Introduction: Haggis Hunting
I have been perfecting my haggis catching technique over many years and I think I have found the most effective and humane way of catching Haggis.
2. Pepper (preferably black but white will also work)
3. Tape measure
First of all some warnings. Although you don't need a license to catch a haggis it is important that you know the legalities of haggis hunting.
It is legal to catch and eat most types of haggis including the Hebridean Haggis and the Lewis Haggis
There are a couple of species of haggis which are illegal to catch or eat. These are the "Shaggy Lowlands Haggis" and the "Urban Striped Haggis" which are protected by law. Luckily both of these types of haggis have a bitter taste and are therefore not pleasant to eat. It is therefore important that before you start hunting fro haggis you make sure that you can tell the difference between the different species. The Shaggy Lowlands Haggis is distinguished by it's long black fur all over it's body (most haggis have shorter brown or red fur on their body with the exception of some species which have longer hair around the top of their head making them look a bit like a 70's hippy). The Urban Striped Haggis has a white stripe running down it's back a bit like a skunk. Both of these are easy to identify.
It is illegal to catch and haggis less then 6 inches long measured from snout to tail. If you do catch a haggis smaller than this you must release it back into the wild.
It is illegal to keep haggis as pets or to rear them on a farm. All haggis must therefore be caught in the wild and are therefore free range. If you are offered "battery haggis" do not buy them - the haggis are kept in appalling conditions and are sold on the black market.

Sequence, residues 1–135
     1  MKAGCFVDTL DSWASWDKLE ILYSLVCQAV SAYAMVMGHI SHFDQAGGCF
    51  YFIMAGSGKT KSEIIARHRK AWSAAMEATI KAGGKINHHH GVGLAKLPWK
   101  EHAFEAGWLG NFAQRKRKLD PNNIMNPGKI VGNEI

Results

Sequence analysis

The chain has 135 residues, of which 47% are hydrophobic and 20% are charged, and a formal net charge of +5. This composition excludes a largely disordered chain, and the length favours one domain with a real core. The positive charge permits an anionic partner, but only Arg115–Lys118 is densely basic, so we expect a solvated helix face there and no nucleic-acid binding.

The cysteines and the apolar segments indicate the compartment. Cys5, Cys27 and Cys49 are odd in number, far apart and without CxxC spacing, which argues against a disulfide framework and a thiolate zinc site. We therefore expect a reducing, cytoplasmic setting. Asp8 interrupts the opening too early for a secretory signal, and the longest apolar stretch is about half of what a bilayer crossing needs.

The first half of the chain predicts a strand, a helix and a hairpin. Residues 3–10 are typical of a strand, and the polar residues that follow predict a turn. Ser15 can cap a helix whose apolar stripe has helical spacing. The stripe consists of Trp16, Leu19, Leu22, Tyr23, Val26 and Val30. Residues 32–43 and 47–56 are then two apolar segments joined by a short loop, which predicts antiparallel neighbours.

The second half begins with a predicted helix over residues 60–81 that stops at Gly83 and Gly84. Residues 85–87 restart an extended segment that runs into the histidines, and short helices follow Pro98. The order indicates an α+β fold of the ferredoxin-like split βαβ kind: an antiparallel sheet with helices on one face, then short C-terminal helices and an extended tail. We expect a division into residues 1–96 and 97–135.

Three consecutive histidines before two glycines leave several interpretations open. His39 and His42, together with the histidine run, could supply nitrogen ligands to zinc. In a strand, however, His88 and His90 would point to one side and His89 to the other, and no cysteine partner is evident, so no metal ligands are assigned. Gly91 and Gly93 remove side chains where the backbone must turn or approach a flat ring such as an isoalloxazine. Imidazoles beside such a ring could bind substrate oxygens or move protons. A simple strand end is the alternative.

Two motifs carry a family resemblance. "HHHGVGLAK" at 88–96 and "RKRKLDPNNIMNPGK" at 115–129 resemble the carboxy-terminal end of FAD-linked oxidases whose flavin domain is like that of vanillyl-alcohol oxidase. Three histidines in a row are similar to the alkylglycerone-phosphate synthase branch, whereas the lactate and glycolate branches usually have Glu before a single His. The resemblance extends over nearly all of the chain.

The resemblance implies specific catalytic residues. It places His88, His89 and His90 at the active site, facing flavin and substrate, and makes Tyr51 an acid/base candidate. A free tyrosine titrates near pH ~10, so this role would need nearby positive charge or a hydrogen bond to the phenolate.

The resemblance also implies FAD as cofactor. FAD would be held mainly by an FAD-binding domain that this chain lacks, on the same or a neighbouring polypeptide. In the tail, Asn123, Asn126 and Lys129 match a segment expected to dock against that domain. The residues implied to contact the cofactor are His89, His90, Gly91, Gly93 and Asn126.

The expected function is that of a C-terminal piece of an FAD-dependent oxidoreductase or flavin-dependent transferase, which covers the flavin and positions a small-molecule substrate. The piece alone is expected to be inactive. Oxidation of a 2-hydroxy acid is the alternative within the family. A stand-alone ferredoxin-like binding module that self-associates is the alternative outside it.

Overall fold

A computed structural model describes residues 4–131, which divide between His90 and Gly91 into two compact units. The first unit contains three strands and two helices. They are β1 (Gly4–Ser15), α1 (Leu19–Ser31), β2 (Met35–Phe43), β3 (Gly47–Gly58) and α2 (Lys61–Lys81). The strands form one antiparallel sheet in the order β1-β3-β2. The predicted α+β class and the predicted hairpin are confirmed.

There is no Haggis Season and therefore haggis can be enjoyed all year round - although most haggis are caught and consumed around the time of Burns Night.
Haggis are native to Scotland although they are found in lesser numbers around the world. Their short legs means that they don't travel far. The best haggis are caught in the highlands of Scotland. The picture is of my favourite Haggis Hunting location but I am not going to tell you where that it is as Haggis Hunters keep their best locations a closely guarded secret.
Step 1: Understand the Haggis
In order to hunt a haggis you need to understand a haggis. There are several important facts that you need to know;
Haggis are small timid nocturnal creatures which are rarely seen in the wild. For this reason there are many myths about the haggis. One of the most common myths is that the haggis has different length legs on each side of it's body and that therefore it can only live on hills and go around them in one direction. Anybody who has seen a haggis will know that this is not true. Think of a mountain goat - they have equal sized legs so why should a haggis be any different? The legs of a haggis are of equal size and quite short, which is a crucial factor in catching them.
The haggis is not the most intelligent of animals and it has often been compared to a lemming in that it doesn't understand the concept of heights. This is also crucial to the hunting technique.